Lenva: You need Google Apps for Education.

Mike: By the way, one of the things we did for a school just recently was got and as part of that they created the Google Apps accounts at the same time.  So that was pretty easy.  All in one go created their accounts and set up teacher dashboard for them.  That was quite handy.

Excellent.  In terms of Google I know when we were first introduced to people we were introducing you to me as like Mrs. Sites because you had been using Google, one of the first people to use it.  I would be interested to hear your perspective on Sites and why they’re such helpful tools.

Lenva: Okay and I am just going to stop sharing my screen here at the moment while I talk because I might just actually go into my own school or my ex school during this.  I am probably not so much known as Mrs. Sites but I am known as Mrs. ePortfolio.  ePortfolio is my baby and ePortfolios for learning is something I am absolutely passionate about and in my old school every student had their ePortfolio and every teacher had their ePortfolio and I they were learning in ePortfolios.

We use Google Sites for them so that’s where my introduction to Sites came.  Sites I find are very, very easy to use.  I find it easy to embed anything into sites so if you wanted to use all of the great things that make websites great, so you got to have media.  You can’t just have text.

If you want video and audio and animation and all those things, it’s very, very easy to put those into Sites.  There’s lots of scripts written that let you do that.  There’s lots of Google tools that are just built into it as well.  If you are sticking within the Google suite, everything is done with a click of a button.  If you want to put am image in, you just click.  If you want to put a movie from YouTube in it’s just a click.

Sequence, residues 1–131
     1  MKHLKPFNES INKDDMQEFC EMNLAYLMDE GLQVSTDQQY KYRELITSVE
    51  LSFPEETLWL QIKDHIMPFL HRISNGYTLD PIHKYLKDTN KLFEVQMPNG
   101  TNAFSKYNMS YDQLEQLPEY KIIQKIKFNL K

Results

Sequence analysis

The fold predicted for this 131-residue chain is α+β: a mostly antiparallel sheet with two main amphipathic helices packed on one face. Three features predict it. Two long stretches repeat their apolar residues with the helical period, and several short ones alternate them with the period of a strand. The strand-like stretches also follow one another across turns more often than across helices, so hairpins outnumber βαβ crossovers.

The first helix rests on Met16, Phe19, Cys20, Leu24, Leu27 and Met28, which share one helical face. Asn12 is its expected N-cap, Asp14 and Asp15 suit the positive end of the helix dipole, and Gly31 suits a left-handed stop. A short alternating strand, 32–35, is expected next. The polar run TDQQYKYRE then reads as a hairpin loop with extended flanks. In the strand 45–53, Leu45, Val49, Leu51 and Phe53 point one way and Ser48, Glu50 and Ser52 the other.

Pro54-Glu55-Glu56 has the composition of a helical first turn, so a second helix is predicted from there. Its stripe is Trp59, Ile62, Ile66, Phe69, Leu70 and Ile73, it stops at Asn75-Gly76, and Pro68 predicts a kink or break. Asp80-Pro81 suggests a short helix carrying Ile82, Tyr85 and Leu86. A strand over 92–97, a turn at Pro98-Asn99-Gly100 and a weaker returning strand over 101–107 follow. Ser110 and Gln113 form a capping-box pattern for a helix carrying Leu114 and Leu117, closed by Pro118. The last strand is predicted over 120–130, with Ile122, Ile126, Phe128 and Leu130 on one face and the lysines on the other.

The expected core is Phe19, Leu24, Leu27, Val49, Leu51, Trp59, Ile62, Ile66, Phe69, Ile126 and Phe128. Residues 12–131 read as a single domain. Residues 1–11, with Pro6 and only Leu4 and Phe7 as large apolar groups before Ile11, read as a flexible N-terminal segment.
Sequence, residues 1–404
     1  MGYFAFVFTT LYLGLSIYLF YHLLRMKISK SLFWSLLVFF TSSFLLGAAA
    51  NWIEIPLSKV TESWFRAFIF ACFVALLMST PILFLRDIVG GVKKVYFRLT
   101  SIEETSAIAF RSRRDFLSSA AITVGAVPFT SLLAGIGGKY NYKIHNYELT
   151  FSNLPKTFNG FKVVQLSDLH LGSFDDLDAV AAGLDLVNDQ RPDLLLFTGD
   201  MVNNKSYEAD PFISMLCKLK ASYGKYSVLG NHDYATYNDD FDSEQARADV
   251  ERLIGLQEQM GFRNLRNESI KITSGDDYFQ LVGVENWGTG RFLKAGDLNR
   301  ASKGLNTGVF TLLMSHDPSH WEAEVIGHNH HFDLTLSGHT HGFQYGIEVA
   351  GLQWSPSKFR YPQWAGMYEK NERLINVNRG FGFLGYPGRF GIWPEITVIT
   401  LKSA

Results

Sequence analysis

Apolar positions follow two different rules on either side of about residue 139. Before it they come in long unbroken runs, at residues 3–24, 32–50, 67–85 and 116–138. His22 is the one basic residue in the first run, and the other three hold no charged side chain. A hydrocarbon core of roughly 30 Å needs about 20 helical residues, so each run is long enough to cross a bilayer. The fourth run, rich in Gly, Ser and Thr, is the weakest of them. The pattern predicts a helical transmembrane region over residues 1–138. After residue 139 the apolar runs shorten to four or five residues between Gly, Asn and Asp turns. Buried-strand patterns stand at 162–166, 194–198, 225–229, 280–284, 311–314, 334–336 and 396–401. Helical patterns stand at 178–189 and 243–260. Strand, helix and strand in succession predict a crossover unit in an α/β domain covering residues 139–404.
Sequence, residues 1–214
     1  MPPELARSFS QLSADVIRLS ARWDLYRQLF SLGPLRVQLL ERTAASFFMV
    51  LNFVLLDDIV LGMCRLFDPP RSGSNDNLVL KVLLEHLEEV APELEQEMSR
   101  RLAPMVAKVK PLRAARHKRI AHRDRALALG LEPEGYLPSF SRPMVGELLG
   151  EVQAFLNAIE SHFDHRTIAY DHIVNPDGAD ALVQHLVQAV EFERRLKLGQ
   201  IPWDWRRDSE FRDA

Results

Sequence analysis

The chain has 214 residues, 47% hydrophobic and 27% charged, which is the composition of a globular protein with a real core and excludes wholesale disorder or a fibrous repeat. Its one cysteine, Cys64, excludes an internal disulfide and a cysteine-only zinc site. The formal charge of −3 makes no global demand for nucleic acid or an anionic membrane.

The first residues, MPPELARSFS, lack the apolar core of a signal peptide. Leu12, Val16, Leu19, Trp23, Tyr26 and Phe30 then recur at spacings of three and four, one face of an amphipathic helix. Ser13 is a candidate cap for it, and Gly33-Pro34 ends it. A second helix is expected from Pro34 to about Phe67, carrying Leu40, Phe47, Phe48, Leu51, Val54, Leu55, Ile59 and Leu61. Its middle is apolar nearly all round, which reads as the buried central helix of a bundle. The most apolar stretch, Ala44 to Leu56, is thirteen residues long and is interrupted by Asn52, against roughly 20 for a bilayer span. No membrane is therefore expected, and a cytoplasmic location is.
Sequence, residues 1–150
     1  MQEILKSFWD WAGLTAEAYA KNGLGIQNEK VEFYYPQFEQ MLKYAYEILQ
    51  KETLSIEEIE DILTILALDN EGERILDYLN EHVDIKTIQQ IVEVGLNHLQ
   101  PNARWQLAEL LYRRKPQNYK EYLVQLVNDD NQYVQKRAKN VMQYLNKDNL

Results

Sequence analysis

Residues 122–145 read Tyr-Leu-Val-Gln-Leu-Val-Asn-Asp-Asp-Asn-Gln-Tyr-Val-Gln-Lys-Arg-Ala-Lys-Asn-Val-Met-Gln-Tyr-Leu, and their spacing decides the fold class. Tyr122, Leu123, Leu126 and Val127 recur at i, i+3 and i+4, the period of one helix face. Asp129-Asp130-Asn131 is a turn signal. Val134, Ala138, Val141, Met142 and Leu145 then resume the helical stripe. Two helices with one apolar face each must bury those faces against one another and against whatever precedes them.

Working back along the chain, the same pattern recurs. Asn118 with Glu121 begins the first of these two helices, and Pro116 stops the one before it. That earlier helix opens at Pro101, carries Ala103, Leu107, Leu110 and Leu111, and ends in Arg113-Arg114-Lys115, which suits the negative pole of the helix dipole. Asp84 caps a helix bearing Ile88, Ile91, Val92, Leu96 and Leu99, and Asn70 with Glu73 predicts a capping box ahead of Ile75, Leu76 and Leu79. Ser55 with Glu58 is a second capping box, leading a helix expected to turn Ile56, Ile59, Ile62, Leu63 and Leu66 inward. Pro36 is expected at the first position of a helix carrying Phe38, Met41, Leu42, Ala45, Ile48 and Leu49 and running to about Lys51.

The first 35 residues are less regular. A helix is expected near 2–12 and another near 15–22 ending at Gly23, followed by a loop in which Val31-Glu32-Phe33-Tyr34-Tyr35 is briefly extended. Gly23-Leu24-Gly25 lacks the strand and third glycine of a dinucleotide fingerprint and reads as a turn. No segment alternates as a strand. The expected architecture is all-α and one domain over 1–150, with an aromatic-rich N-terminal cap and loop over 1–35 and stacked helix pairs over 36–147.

As well as using things like iFrames that’s very easy with a single line of code just to bring in your blogs, to bring in other sites within sites and to have everything in the one place and that was something that I was quite key on was having everything in the one place so the students learning progress and the process and progress of learning was all in one place and didn’t have to go off a dozen different places to try to get a handle on what was going on.

Mike: Yeah, certainly powerful.  I know Blake’s school uses ePortfolios quite a bit.  It’s certainly one of the things that a lot of schools – I just don’t thing they’ve still caught on to the power of having ePortfolios and the ease of using Google Sites.  It still seems like it’s a little bit too – I feel like it’s too hard still to get their around or something.

Blake: Yeah, I think there is an element of that but maybe could you speak to how introducing ePortfolios at your school sort of transformed it?  I mean can you talk about the change in the culture?

Lenva: Yeah, it certainly does.  Actually the ePortfolio drives the learning in our school because our ePortfolios are not those showcase ePortfolios or the final product ePortfolios.  They’re actually ePortfolios that show appropriation of learning.

Everything in it is a work in progress.  It’s just sort of snapshots of a learning pathway so a student might be doing a big inquiry but just at different checkpoints along that pathway.  They’re just little snapshots of what they’re doing, what they’re learning, little reflections, little interviews, little peer reflections, self reflections, feedback from different people and so that builds up to be a bigger picture.

By the student doing this, it makes it really easy for them to sort out in their mind what is important about learning and what they need to do next.  They can see where come from.  They can see where they are at.  They can see where they need to go.  They find it then very, very easy to accept their own learning pathway and what they need to be able to succeed.

A lot of visitors to my ex school would say, “Oh you’re lucky your students are very articulate” but it’s not that they are articulate but it wasn’t an accident.  It was a planned thing that they were articulate.  They were articulate because they fully understood what they were doing to make themselves succeed while learning.